Agricultural Tenancy Disputes 'Arbitration Or Expert Determination?

Published date12 August 2020
Subject MatterLitigation, Mediation & Arbitration, Real Estate and Construction, Arbitration & Dispute Resolution, Landlord & Tenant - Leases
Law FirmButcher & Barlow
AuthorMr Alex Sandland and Michael Bracegirdle

There are two principal types of agricultural tenancies, each of which are subject to different sets of legislative frameworks:

  1. Full agricultural tenancies, which are subject to the Agricultural Holdings Act 1986 (AHA).
  2. Farm business tenancies, which are subject to the Agricultural Tenancies Act 1995 (FBT).

Historically, disputes AHA Tenancies have been dealt with by the Agricultural Land Tribunal (ALT) whereas those relating to Farm Business Tenancies have been dealt with by arbitration. The ALT was regarded as being both quicker and more cost effective than arbitration.

Recognising that the majority of disputes arise from issues around rent reviews The Royal Institute of Chartered Surveyors (RICS) introduced a simplified arbitration process to deal with such disputes for both AHA and FBT. The Simplified Arbitration Service (SAS) is a relatively low-cost, quick and easy procedure, with less formality than is used (and needed) for commercial and construction disputes.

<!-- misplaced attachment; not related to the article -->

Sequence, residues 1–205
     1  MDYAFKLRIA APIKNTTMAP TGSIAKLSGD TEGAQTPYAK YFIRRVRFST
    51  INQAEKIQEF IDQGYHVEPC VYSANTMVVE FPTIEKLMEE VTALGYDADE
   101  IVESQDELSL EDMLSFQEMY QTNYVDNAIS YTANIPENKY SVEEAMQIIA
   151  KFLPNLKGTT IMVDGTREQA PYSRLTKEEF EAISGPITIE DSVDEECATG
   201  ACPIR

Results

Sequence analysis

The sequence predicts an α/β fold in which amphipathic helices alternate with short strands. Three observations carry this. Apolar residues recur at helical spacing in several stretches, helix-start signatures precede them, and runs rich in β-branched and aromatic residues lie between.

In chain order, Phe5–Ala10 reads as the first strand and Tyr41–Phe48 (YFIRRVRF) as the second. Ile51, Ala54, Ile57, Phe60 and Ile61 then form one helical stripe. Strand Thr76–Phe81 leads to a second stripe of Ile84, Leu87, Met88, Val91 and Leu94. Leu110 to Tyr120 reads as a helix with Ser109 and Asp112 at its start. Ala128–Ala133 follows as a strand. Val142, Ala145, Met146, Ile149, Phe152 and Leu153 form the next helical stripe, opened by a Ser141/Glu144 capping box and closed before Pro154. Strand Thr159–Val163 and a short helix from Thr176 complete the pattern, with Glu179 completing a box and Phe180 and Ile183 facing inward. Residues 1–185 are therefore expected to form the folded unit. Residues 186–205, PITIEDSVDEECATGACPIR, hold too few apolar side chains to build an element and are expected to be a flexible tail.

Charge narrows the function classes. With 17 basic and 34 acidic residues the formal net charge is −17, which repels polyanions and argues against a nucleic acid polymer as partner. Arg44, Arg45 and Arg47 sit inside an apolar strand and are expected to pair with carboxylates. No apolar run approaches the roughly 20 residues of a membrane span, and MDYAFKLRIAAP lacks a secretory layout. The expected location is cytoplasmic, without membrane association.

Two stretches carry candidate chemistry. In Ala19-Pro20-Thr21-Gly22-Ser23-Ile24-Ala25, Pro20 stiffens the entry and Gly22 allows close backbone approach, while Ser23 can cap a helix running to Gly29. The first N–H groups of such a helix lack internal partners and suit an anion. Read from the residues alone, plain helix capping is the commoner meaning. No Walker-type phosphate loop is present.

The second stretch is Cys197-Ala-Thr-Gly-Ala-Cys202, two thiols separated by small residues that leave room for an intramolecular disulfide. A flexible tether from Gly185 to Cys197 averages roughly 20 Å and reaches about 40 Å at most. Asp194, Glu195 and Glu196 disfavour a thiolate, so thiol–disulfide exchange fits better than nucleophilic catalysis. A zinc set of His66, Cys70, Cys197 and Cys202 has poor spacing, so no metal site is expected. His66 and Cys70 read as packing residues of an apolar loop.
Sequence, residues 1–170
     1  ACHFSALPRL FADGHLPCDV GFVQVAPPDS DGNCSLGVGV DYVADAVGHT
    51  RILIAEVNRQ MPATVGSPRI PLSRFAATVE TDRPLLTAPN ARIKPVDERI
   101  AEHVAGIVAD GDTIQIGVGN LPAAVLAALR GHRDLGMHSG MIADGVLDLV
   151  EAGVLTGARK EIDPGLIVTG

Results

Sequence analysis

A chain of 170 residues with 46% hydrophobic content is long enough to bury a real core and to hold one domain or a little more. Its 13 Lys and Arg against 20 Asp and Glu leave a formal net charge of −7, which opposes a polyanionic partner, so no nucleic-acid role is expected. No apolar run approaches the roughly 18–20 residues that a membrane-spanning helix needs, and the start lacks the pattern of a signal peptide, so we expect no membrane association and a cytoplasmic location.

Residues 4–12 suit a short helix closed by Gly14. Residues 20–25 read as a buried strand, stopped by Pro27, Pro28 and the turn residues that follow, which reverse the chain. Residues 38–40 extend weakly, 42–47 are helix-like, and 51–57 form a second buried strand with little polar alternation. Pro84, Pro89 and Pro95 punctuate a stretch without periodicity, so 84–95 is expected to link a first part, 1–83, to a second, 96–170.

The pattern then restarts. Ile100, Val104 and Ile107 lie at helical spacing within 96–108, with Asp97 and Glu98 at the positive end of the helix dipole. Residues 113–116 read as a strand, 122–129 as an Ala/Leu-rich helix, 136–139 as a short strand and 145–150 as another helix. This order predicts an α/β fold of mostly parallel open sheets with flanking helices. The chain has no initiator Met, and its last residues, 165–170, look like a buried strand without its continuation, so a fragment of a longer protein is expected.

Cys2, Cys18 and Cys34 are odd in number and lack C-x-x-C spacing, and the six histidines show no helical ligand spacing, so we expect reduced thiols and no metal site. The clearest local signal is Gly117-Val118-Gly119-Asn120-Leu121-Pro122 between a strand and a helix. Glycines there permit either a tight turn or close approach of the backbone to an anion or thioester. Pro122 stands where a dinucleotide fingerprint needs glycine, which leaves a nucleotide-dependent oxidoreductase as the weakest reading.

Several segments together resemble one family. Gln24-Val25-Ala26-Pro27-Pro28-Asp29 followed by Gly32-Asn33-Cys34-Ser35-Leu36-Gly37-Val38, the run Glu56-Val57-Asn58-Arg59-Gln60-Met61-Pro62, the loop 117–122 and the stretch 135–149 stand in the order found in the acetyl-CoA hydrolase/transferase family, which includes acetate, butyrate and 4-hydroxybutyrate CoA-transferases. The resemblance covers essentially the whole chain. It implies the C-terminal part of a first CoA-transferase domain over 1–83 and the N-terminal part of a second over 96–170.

In response the Deregulation Act 2015 brought about an unregulated means of determination - Expert Determination - which involves an independent expert making a determination in accordance with the procedure written in to the tenancy agreement.

Both the SAS and Expert Determination forums are not obligatory; unless they are written into the AHA or FBT. Otherwise, they require the consent of both parties. Subsequently, any determination that is made is binding.

It should be noted that Expert Determination cannot be used to resolve Notice to Quit issues in AHA Tenancies - these require resolving through either arbitration or ALT. The rationale of this is that the outcome of such a dispute may give rise to the loss of a livelihood or home for the tenant and therefore requires some degree of legislative justification and safeguarding.

There are perceived disadvantages in Expert Determination; the expert does not perform a judicial function and could (in theory) reach a decision without having considered full evidence at all; unlike an arbitrator...

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